Hi 2021, I guess you’ve got your first workout for yourself. As we all know, to have a healthier new year, everyone needs to start a new exercise plan.
But for those who rarely train and start their new year with a jog, cycling or simply 15 minutes of in situ exercises, there is a fairly common feeling that I bet many will. encounter: Nausea!
Nausea after exercise is a common occurrence. Along with other problems in the digestive tract, research shows it can affect up to 90% of gymnastics and endurance athletes.
But why is this strange happening? And more importantly, what can you do to prevent post-exercise nausea?
Why can exercise make you nauseous?
When you exercise, the skeletal muscles in your legs and arms are bound to stretch, says Anne R. Crecelius, an associate professor of health and sports science at the University of Dayton. In order to be most productive, they will need a lot more oxygen than they normally need at rest.
So your heart muscle contracts very quickly, increasing blood flow to pump through the body. The hemoglobin molecules in your red blood cells work in a hurry to transport oxygen to the muscles that are assisting you with your workout.
To maximize the blood supply to these active muscles, your body regulates itself by drawing blood out of inactive areas – such as your gut. This flow of blood is monitored and regulated by the sympathetic nervous system.
You won’t be able to reconcile the process on your own, as these reactions are all unconscious. Your intestinal blood vessels contract, limiting blood flow there in a phenomenon known as vasoconstriction.
At this point, we can say that the constriction of the intestinal vasoconstriction while you exercise induces nausea. But that’s still just the tip of the iceberg, why would less blood pump to your gut make you nauseous after all?
The constriction of the intestines while you exercise creates nausea.
Anne R. Crecelius adds: Ischemia or decreased blood flow, which can have many effects on the digestive system. It can change the way cells absorb nutrients and how food is broken down as it travels through the intestines. Altogether, the changes lead to a feeling of discomfort you probably know all too well.
In particular, reducing blood flow will cause stronger effects as the digestive system tries to break down and absorb more food. That’s a major reason why exercise-induced nausea can get worse if you have a full meal before, especially when you eat a lot of fat or concentrated carbohydrates.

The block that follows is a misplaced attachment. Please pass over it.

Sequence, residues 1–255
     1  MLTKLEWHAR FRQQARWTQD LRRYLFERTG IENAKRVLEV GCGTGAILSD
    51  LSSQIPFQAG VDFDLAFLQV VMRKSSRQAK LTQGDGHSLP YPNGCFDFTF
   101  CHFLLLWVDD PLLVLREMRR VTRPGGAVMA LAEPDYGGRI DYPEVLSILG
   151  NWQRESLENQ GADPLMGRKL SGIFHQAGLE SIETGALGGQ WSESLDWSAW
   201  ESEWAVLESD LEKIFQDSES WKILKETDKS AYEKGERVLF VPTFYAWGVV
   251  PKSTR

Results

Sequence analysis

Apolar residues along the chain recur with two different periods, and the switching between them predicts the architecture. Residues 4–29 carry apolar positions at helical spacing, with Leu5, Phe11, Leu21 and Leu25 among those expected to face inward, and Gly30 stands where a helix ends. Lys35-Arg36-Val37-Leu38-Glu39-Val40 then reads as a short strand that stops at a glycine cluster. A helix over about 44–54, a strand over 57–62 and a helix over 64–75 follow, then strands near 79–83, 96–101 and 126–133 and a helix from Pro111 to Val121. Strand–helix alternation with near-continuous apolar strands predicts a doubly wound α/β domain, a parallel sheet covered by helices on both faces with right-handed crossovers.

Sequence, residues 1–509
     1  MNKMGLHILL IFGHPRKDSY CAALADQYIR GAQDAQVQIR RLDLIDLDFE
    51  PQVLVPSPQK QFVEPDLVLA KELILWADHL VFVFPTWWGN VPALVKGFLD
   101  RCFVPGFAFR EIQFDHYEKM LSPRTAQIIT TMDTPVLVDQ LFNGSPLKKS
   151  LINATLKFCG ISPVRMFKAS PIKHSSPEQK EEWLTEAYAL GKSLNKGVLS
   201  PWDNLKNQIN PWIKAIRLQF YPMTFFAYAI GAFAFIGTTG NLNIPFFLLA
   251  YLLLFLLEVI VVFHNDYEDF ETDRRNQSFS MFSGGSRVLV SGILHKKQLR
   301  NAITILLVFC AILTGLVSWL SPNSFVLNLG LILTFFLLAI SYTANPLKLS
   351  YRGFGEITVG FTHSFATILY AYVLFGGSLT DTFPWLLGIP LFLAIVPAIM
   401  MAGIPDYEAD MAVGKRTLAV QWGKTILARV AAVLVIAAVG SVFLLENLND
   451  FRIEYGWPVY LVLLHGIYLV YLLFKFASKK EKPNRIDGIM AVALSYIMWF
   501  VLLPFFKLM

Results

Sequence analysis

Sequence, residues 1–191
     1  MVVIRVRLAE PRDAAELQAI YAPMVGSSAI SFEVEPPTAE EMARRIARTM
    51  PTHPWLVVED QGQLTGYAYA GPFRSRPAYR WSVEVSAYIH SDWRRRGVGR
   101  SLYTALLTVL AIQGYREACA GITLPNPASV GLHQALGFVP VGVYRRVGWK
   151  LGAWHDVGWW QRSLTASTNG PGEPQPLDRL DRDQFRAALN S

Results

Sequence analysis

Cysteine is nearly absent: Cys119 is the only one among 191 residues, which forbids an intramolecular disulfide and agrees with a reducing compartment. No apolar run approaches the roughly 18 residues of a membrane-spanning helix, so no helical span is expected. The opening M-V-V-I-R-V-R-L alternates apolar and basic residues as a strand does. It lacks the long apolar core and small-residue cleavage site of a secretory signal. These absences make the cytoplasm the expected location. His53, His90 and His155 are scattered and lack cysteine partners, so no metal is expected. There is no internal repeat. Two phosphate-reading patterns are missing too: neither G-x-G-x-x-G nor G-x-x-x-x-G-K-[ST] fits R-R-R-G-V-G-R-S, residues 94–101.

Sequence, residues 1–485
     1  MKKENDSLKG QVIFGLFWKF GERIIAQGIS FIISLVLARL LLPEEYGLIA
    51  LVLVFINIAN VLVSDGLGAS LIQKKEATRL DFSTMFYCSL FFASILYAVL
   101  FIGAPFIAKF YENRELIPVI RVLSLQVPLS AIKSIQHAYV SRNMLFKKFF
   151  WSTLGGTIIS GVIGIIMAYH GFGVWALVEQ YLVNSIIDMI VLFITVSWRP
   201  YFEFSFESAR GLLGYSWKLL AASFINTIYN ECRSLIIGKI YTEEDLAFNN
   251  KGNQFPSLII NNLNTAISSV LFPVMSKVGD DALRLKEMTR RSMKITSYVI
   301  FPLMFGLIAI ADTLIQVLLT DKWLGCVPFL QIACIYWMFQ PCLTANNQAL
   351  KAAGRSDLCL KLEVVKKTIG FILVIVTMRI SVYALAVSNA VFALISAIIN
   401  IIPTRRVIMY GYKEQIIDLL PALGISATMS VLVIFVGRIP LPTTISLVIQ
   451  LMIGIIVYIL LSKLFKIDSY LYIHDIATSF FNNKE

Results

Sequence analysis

How can I avoid nausea after exercise?
Exercise sessions can be dire if you just end them in the toilet or lean on the curb to gag. So, what can we do to limit the vasoconstrictor symptoms affecting the digestive tract during exercise?
Anne R. Crecelius says the first thing you can do is adjust the intensity of your training. Nausea occurs more commonly after we do intense exercise, creating the greatest blood flow conflict. Especially if you are just starting to exercise in your early-year plan, starting with a low-intensity exercise and moving up to high will significantly reduce nausea symptoms.
If even low-intensity exercise causes you to feel a scratch in your stomach, you may need to change the type of exercise as well. Scientific evidence suggests that certain exercises, like cycling, can put the body in a position that easily causes intestinal problems.
Therefore, you should try different forms of exercise or combine different exercise regimes to achieve your goal while minimizing discomfort to the digestive tract.
Never skip warm-ups
Third, make sure you warm up before training. A warm-up will allow your body to slowly adapt to the distribution of blood flow, avoiding rapid changes in your gut metabolism. The same is true when you finish your exercise, you need some cooling off. For example, after running don’t sit down and rest immediately, take a leisurely walk for a few minutes before stopping to rest.
Adjusting your diet, avoiding full meals that are close to workouts, and indigestible foods will also help.
Drink enough water! You may not know it, but drinking enough water is one of the best ways to prevent gastrointestinal problems during exercise, especially in hot or humid environments.
If you engage in endurance activities, try to drink about half a liter of water per hour, supplementing with low-carbohydrate and low-sodium sports drinks for high-intensity exercise. You may need to experiment with different foods and when to find the one that works best for you and your training goals.
One suggestion from Anne R. Crecelius is to incorporate foods like ginger, crackers and coconut water as they can help soothe the stomach.
When will you need help?
While the feeling of exercise-induced nausea is very unpleasant, it is generally not a major health concern. Most of the symptoms should go away within an hour after exercising. If the problems persist for a long time after your workout or repeat during all of your training sessions even though you’ve followed the instructions above, it’s time to talk to your doctor.
Sometimes a digestive disturbance during or after exercise can cause you to actually vomit. If you vomit, you will feel better, but you will also need to rehydrate and replenish lost nutrients.
If you are looking to start an existing exercise regimen or increase in intensity, seek advice from experts who may consider nausea to tailor your exercise plan. a smart way.
Exercise physiologists or personal coaches can provide an exercise program with the right intensity. They can work with a nutritionist to discuss your own personalized training needs and strategies.
In addition, you may need to go to hospital to screen for more serious medical problems that may occur with your digestive system or body.